Earth Ball Concert Oct. 3, 2015
UUCT will host the first Earth Ball Concert on October 3, 2015 in the main sanctuary with jazz-funk-fusion band Quahlity Vibes. Admission will be $10 or $5 if you bring a dish. All ages welcome. Contact Kelly Anquoe or Dana Waters by texting 918-506-2320.
UUCT Responded to fire victims
August 14th Apartment Fire Response Floods UUCT Abundant donations change Sunday service to a day of service Tahlequah, OK.
Donor generosity in response to the Pleasant View Apartment fire nearly overflowed UUCT’s sanctuary, meeting hall, and classrooms, leading to an abrupt change in the meaning of “Sunday service”. Rev. Susan Hamilton gathered the worshippers among tables of donated food, shampoo, and kitchen appliances for a few hymns and a meditation, then all adjourned to the basement for the afternoon to sort clothing for fire victims. UUCT was a collection point for donations in the aftermath of Thursday’s apartment blaze.
“The generosity of this community is astounding”, said Rev. Hamilton. “By Friday afternoon, we had no more room for clothing donations.”
The congregation’s response began when UUCT members Nikki Payton and Judith Anderson of Help in Crisis called Rev. Hamilton to ask for the congregation’s assistance. Coordination with HIC, the Red Cross, Tahlequah Cares, and the management of Pleasant View Apartments, the congregation will distribute donated items to fire victims who have a voucher from HIC confirming their identities.
“I know that larger churches in Tahlequah were also responding, but it was a special honor to have this opportunity for our small congregation to play such an important role in this effort,” said Rev. Hamilton.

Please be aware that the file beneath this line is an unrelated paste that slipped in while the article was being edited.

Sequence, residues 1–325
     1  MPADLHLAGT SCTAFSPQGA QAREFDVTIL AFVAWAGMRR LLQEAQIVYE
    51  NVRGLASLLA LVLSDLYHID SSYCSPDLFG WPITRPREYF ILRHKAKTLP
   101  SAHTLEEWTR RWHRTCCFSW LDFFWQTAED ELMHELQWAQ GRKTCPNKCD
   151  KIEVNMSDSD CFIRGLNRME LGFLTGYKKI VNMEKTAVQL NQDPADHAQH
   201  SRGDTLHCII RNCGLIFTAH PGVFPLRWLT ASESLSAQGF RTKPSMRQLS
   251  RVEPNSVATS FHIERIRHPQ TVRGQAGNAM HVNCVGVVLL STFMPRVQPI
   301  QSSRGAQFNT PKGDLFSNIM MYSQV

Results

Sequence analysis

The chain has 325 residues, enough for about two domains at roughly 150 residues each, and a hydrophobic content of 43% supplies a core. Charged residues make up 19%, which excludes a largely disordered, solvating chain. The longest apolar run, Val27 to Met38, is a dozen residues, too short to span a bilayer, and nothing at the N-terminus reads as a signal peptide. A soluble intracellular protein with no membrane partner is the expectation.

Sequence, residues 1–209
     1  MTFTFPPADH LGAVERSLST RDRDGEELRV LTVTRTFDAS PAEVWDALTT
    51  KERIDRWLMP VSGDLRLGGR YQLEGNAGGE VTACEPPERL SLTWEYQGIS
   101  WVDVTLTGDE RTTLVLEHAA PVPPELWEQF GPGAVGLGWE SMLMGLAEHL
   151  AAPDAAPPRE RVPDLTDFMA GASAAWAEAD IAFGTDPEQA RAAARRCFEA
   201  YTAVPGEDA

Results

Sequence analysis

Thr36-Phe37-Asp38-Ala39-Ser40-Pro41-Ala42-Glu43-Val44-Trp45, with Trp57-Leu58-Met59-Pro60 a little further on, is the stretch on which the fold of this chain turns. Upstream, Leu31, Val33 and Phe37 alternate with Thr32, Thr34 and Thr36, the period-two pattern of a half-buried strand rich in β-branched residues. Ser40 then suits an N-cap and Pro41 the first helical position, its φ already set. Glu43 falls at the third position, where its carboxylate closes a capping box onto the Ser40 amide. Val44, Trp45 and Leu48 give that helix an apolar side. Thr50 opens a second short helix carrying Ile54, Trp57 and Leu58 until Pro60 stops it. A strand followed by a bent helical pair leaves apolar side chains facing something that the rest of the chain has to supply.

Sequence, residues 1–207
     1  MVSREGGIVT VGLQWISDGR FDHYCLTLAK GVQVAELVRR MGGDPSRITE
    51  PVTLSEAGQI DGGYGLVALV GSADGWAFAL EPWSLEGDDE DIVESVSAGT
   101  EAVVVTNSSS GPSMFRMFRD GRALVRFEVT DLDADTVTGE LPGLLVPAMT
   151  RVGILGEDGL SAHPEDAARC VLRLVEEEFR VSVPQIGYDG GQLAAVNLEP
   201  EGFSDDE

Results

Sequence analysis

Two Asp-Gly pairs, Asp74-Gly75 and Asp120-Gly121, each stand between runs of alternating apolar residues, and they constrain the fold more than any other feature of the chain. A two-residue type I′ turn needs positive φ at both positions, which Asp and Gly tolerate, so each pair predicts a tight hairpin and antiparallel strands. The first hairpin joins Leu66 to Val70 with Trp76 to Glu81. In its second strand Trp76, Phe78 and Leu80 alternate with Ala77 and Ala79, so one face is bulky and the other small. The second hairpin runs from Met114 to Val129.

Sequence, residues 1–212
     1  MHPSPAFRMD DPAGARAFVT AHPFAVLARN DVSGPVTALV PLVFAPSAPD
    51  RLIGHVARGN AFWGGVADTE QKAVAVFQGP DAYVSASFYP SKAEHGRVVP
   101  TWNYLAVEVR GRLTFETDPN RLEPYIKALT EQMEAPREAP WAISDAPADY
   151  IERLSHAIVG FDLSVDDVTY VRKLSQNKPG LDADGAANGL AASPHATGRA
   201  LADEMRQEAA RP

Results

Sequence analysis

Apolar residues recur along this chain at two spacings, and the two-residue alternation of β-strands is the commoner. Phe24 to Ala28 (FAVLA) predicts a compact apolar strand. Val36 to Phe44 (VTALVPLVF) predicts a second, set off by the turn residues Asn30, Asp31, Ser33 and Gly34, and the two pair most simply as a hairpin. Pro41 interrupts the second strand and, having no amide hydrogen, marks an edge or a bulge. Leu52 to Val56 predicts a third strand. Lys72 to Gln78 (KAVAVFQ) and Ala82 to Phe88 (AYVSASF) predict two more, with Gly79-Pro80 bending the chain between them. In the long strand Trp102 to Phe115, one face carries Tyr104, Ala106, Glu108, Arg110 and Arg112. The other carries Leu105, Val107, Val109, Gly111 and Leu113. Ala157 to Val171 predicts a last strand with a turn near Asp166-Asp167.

UUCT accepted donations of small appliances, housewares, toiletries, and non-perishable food items. Distribution took place the week of August 18-22 Monday through Friday 10-5, and Tuesday and Thursday evenings from 7-9 PM.
On Saturday, August 23, 8AM – 2 PM, a benefit rummage sale was held at UUCT to move out the remaining items. Shoppers filled a bag with items for only $5. All proceeds and additional monetary donations were deposited in the Pleasant View Tenants recovery fund at the Bank of Cherokee County for victim’s future needs.
Labyrinth open 2nd Friday each month
Friday, September 12, 2014 7:00 – 8:30pm
FREE and open to the community
(Donations gladly accepted)
In colloquial English, labyrinth is generally synonymous with maze, but many contemporary scholars observe a distinction between the two: maze refers to a complex branching (multicursal) puzzle with choices of path and direction; while a single-path (unicursal) labyrinth has only a single, non-branching path, which leads to the center.
One can think of labyrinths as symbolic of pilgrimage; people can walk the path, ascending toward salvation or enlightenment. Many people could not afford to travel to holy sites and lands, so labyrinths and prayer substituted for such travel. Later, the religious significance of labyrinths faded, and they served primarily for entertainment, Many newly-made labyrinths exist today, in churches and parks. They have been used historically both in group ritual and for private meditation.
Modern mystics use labyrinths to help them achieve a contemplative state. Walking among the turnings, one loses track of direction and of the outside world, and thus quiets the mind. In addition, the labyrinth can serve as a metaphor for situations that are difficult to be extricated from. In ancient Greek mythology, a beast (minotaur) lay waiting at the center of the labyrinth. When we walk the labyrinth in meditation we may confront the ‘beast’ in the center of our own being and learn how to conquer it.